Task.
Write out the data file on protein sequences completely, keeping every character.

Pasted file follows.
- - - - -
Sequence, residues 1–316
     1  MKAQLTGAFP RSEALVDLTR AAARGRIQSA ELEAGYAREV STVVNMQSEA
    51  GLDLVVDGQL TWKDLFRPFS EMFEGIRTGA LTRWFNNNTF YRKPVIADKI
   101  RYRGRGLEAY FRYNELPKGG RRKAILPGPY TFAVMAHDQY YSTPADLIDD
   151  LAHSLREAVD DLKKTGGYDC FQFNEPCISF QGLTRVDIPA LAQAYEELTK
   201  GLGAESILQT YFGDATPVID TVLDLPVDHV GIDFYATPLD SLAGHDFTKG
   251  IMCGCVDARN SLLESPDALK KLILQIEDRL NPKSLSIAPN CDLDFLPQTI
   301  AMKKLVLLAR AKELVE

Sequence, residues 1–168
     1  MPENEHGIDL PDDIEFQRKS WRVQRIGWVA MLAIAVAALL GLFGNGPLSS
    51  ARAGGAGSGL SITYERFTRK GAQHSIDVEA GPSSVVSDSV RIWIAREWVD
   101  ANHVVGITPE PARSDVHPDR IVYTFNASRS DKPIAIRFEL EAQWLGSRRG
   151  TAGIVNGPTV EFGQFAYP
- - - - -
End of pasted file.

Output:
Sequence, residues 1–316
     1  MKAQLTGAFP RSEALVDLTR AAARGRIQSA ELEAGYAREV STVVNMQSEA
    51  GLDLVVDGQL TWKDLFRPFS EMFEGIRTGA LTRWFNNNTF YRKPVIADKI
   101  RYRGRGLEAY FRYNELPKGG RRKAILPGPY TFAVMAHDQY YSTPADLIDD
   151  LAHSLREAVD DLKKTGGYDC FQFNEPCISF QGLTRVDIPA LAQAYEELTK
   201  GLGAESILQT YFGDATPVID TVLDLPVDHV GIDFYATPLD SLAGHDFTKG
   251  IMCGCVDARN SLLESPDALK KLILQIEDRL NPKSLSIAPN CDLDFLPQTI
   301  AMKKLVLLAR AKELVE

Sequence, residues 1–168
     1  MPENEHGIDL PDDIEFQRKS WRVQRIGWVA MLAIAVAALL GLFGNGPLSS
    51  ARAGGAGSGL SITYERFTRK GAQHSIDVEA GPSSVVSDSV RIWIAREWVD
   101  ANHVVGITPE PARSDVHPDR IVYTFNASRS DKPIAIRFEL EAQWLGSRRG
   151  TAGIVNGPTV EFGQFAYP